Reston Master Plan Special Study Task Force
Department of Planning & Zoning Planning Division, Suite 730
10255 Government Center Parkway, Fairfax, VA 22035-5505
RE: Balancing new jobs and housing units near Reston-area Metrorail station areas
Dear Ms. Nicoson:
Among the major challenges in your Task Force’s planning for the three Reston-area Metrorail station areas is correcting the severe imbalances of jobs and housing units in those areas. However, the current preliminary planning reports by Task Force subcommittees seem to contemplate continued, serious imbalances into the foreseeable future.
According to a recent American Planning Association advisory, proper jobs/housing balance generally includes one appropriate housing unit for every 1.5 jobs in the community. (See generally Jerry Weitz, Jobs-Housing Balance, p. 4 (American Planning Association Advisory Service Report No. 516, 2003) (“Weitz/APA”), posted at: http://www.planning.org/pas/reports/subscribers/pdf/PAS516.pdf.) (That ratio is roughly comparable to a 1:1 ratio of jobs to workers living in the community.)
The current preliminary subcommittee reports all contemplate heavy concentrations of new jobs compared with new housing units. Overall, they project jobs/housing units ratios of roughly 4 to 1 or more into the foreseeable future. Of course, current jobs/housing units ratios along the Dulles rail corridor are even greater -- more than 10 to 1. Fairfax County has had the largest overall imbalance of jobs over housing units in the Washington area.
We urge the Reston Task Force to attach a much higher priority than is now being discussed to including ample residential development in their planning recommendations. Hopefully, the Steering Committee can assist the various subcommittees to coordinate their recommendations and achieve the needed balance.
Among the many reasons why it is crucial to achieve proper jobs/housing balance in planning for the Reston-area stations are that:
- Since its inception, one of Reston’s explicit goals has been “that the people be able to live and work in the same community.”
- Jobs/housing imbalances have produced, and increasingly will produce, great costs and burdens for people who live or work in Reston – and for their environment. Those costs and burdens include:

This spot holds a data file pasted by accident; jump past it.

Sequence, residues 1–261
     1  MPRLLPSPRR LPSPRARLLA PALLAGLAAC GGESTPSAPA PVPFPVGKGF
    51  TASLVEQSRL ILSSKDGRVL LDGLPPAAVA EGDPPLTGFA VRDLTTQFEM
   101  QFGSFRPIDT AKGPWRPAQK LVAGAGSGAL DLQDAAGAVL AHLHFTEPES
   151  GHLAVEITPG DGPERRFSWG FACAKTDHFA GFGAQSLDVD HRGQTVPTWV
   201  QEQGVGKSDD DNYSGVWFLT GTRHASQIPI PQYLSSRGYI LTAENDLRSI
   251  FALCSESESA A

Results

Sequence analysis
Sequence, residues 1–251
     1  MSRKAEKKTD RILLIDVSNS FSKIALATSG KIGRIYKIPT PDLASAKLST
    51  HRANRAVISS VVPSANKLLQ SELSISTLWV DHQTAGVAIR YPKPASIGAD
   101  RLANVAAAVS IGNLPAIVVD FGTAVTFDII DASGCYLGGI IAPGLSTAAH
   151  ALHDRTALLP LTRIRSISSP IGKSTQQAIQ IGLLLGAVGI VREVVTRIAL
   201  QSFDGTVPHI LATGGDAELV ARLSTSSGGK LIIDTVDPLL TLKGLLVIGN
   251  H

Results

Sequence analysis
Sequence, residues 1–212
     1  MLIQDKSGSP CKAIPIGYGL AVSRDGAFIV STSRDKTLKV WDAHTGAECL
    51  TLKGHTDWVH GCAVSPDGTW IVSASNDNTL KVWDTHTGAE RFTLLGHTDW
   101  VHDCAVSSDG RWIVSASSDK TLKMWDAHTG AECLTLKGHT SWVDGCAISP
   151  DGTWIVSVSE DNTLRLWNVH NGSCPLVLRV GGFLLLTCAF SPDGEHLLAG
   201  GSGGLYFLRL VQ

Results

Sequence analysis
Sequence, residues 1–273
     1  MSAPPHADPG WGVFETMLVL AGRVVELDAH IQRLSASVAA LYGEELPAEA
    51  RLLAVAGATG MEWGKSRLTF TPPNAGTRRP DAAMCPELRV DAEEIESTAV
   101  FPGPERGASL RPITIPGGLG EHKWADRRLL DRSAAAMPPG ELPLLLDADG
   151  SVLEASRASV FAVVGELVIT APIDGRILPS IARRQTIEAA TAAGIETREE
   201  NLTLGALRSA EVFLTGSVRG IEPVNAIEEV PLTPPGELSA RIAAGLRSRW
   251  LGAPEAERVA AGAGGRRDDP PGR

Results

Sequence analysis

- increasingly congested highways and extreme commuting times, due to the spatial disconnect between many of the job centers and the available housing;
- increased suburban sprawl, which involves bulldozing and paving over more and more outlying countryside and degrading the environment;
- chronically soaring housing costs, such as the 22 percent average jump in rents (inflation-adjusted) over the last decade in this region, recently reported by the Washington Post;
- housing market instability, as soaring housing costs lead to real estate speculation, risky financing schemes, defaults, foreclosures, bankruptcies, and resulting financial crises, such as the severe recent crisis that still plagues us; and
- increased poverty and homelessness -- lack of affordable housing has long been a leading cause of homelessness and poverty in this area and in many other major metropolitan areas of the United States; and
- lost economic development, because people who want to live in Fairfax County, but cannot afford it, take their income and spend it elsewhere.
3. Sufficient, affordable housing is the law. In Virginia, comprehensive plans and portions thereof:
shall include . . . the designation of areas and implementation of measures for the construction, rehabilitation and maintenance of affordable housing, which is sufficient to meet the current and future needs of residents of all levels of income in the locality while considering the current and future needs of the planning district within which the locality is situated.
Va. Code § 15.2-2223 (emphasis added). “Affordable housing” need not be synonymous with “subsidized housing.” Fundamentally, the lack of affordability of housing for most Fairfax County residents is related to inadequate supply compared to demand. The fundamental remedy for that is to plan for, and permit, housing to be built in sufficient amounts, types and densities, in the right places, without unnecessary costs and delays.
Of course, not all TOD stations need to have a 1:1 jobs:workers ratio, and defining the community which needs balance can be complex. Detailed guidance on how to proceed on those and other important aspects of jobs/housing balance is given in publications such as the Weitz-APA report.
The Task Force should request guidance and full information from Fairfax County planners on proper jobs/housing balance. That and other aspects of your work involve careful analysis of areas far beyond Reston, and planning expertise seems called for.
Please call on us for any help we can provide. Underlying data on which we base our comments is referenced in our letter to the Town of Herndon Planning Commission regarding the Herndon-Monroe North Metrorail area (copy attached), available online at: http://www.herndon-va.gov/Content/Zoning/Comprehensive_Planning/Metrorail/publicinputJan14-Jan28.pdf (pp. 4-6).
Thank you very much for your attention to these comments. We wish you and the Task Force every success as you continue your very challenging, important work.
Thomas A. Loftus, Esq.
President and General Counsel